In United States, almost all healthcare costs are paid by third party payors and there is difference between the actual facility bills for services, equipments and medications provided to the patients and the reimbursements made by the third party payors after their adjustments on the total bills (reimbursements after adjustments may be 10%-40% of the actual facility bills [3]). However the purview of our discussion is limited to the facility fees of inhalational anesthetic gases. There are various forms of billing for the inhalational anesthesia gases usage in operating rooms. As most hospitals are still not equipped with electronic anesthesia records (EARs), the most commonly used billing method is time-based model wherein gases (isoflurane, desflurane and sevoflurane) are billed as 15-minute incremental units. This billing model considers that patient was receiving inhalational anesthetics uniformly at 1-Minimum-Alveolar-Concentration (MAC) across the whole 15-minutes and during all such time-units. However, this may correspond to overbilling because 1-MAC of inhalational gases is not always required by every patient and is not always aimed by every anesthesia provider team. Contrarily, following the 15-minute incremental unit model may correspond to underbilling in some clinical scenarios like inhalational induction of anesthesia, laryngeal mask airway (LMA) anesthesia, mask general anesthesia and airway-lung surgeries which require higher amounts of gases (both carrier gases and inhalational anesthetics) to sustain the anesthetic state while compensating for significant anesthesia gas leaks across the various sites like around the poorly-sealed masks, around the poorly fitted LMA, and through exposed airway, pleura and lungs. Historically, in contrast to calculations of intravenous agents usage, the lack of uniform documentation for gas usage had been only hindered by the delay in uniform implementation of EARs and the lag in anesthesia delivery systems technology to effortlessly provide information about correct gas usage calculations.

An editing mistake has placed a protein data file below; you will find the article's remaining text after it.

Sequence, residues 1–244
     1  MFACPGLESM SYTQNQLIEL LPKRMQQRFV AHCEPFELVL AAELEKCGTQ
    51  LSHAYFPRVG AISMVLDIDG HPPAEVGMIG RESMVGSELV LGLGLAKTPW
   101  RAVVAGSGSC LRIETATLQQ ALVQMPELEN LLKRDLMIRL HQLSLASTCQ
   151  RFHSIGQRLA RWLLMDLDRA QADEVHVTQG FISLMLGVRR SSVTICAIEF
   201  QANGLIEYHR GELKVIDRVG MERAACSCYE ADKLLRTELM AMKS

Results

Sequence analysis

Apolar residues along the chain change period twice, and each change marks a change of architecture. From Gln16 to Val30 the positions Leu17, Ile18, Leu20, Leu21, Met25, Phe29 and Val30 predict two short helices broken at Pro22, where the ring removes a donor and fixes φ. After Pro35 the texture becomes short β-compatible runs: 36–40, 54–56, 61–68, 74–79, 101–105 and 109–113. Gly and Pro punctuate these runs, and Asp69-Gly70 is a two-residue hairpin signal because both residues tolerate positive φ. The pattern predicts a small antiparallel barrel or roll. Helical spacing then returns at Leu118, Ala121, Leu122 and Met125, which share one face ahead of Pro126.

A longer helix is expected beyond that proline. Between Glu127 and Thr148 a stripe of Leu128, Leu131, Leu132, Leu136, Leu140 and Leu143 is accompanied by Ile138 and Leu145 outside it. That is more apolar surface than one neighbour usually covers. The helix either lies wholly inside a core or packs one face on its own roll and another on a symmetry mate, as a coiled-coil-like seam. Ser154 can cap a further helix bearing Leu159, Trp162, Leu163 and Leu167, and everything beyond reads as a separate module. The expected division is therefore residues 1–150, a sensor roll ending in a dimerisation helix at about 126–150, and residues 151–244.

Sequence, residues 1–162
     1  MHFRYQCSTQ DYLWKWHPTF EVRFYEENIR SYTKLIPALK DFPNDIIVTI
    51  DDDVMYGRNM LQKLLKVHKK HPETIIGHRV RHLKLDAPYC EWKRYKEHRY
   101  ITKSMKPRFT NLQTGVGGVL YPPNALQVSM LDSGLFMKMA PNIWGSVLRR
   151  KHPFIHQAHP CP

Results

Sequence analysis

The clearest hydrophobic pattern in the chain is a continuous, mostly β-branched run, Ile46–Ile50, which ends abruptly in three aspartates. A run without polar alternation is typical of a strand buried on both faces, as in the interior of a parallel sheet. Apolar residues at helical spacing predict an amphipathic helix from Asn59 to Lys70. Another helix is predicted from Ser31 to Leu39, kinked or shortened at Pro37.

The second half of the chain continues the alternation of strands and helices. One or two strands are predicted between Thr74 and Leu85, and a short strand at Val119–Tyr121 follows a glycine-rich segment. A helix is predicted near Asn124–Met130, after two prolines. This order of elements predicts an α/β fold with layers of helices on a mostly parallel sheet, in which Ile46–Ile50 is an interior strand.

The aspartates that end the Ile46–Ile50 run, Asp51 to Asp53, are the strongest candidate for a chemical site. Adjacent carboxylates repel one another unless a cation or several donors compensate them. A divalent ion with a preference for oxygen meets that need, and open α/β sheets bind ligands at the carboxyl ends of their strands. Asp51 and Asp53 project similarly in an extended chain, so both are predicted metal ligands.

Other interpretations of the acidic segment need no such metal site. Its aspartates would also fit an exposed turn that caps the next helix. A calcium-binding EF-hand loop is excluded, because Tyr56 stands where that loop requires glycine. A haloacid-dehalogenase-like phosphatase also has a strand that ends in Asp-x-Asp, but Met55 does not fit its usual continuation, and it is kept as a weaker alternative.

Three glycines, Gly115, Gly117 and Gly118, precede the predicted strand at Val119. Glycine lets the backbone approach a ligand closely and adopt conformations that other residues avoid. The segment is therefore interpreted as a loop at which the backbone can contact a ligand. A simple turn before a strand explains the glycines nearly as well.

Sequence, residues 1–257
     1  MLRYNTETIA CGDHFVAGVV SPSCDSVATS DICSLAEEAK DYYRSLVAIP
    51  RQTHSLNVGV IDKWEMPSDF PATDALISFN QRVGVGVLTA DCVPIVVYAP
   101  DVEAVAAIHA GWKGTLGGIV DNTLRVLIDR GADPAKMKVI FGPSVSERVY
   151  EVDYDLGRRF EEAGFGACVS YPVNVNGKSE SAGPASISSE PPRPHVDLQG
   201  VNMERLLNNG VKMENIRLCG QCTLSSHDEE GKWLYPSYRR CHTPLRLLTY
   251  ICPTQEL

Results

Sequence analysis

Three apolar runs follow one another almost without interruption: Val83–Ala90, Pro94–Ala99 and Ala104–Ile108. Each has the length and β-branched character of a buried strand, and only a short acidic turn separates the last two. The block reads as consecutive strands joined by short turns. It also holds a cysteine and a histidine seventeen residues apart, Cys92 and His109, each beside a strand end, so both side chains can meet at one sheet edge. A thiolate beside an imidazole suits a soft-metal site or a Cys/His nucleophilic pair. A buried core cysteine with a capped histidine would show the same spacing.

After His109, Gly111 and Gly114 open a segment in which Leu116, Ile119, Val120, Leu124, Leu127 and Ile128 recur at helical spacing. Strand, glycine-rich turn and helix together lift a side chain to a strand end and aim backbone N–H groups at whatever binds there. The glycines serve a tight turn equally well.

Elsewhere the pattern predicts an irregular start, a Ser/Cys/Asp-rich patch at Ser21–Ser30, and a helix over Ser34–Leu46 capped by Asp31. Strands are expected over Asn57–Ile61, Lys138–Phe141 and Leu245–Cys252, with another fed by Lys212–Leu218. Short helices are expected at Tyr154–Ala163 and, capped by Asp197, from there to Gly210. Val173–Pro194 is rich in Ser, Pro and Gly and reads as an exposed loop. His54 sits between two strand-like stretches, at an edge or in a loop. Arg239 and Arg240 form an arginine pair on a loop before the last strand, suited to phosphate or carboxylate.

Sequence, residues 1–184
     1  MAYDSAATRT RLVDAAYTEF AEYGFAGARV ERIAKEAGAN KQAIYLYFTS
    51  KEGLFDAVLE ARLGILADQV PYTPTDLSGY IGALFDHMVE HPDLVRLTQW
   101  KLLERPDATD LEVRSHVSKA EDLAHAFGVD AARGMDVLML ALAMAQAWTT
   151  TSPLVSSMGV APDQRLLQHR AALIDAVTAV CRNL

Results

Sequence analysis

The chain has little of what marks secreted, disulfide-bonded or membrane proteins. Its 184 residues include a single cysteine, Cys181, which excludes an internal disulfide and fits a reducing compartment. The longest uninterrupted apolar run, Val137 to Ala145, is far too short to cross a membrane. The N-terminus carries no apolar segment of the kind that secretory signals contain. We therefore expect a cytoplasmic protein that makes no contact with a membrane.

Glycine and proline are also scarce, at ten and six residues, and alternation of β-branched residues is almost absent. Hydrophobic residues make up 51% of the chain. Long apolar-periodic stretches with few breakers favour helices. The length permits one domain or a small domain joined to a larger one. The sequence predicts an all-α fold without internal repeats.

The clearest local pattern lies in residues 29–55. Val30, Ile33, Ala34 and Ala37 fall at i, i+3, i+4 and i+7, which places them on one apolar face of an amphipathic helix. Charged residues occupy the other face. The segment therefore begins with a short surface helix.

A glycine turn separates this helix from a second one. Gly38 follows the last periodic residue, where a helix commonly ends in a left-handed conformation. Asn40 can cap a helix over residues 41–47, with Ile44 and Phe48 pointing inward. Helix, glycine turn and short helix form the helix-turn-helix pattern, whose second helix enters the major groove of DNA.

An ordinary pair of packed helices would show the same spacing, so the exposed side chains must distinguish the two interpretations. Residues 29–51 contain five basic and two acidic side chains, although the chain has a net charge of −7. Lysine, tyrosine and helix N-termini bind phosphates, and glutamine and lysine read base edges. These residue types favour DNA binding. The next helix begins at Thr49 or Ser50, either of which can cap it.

The operation suites with functioning EARs may consider use of alternative billing method wherein gas usage can be calculated with formula based on constantly varying MAC multiplied with the time interval during which that particular MAC-value was recorded in the EARs. The data-trends recorded in EARs are at a minimum of one-minute intervals. Therefore, the billing formula will be: MAC-hours = MACa*Time (in minutes)a + MACb*Time (in minutes)b +MACc*Time (in minutes)c +…..+ MACn*Time (in minutes)n. This MAC-hours calculation is based on patient-end calculation wherein MAC calculation is standard algorithm-based inhalational anesthetics concentrations and carrier gases concentrations in the inspired and expired gas analyses. This MAC calculation may or may not be age-corrected depending on the Anesthesia Delivery Units. However, consequent MAC-hours calculation does not take into account the actual gas usage at the machine-end. For this reason, some machines like S/5™ Anesthesia Delivery Unit (GE Healthcare, Waukesha, Wisconsin, USA) have gas usage function [4] that when zeroed before the start of anesthesia, gives information about the amount of inhalational anesthetics used (isoflurane, desflurane and sevoflurane) in 5-ml increments and the amount of carrier gases used (oxygen, air and nitrous oxide) in one-liter increments.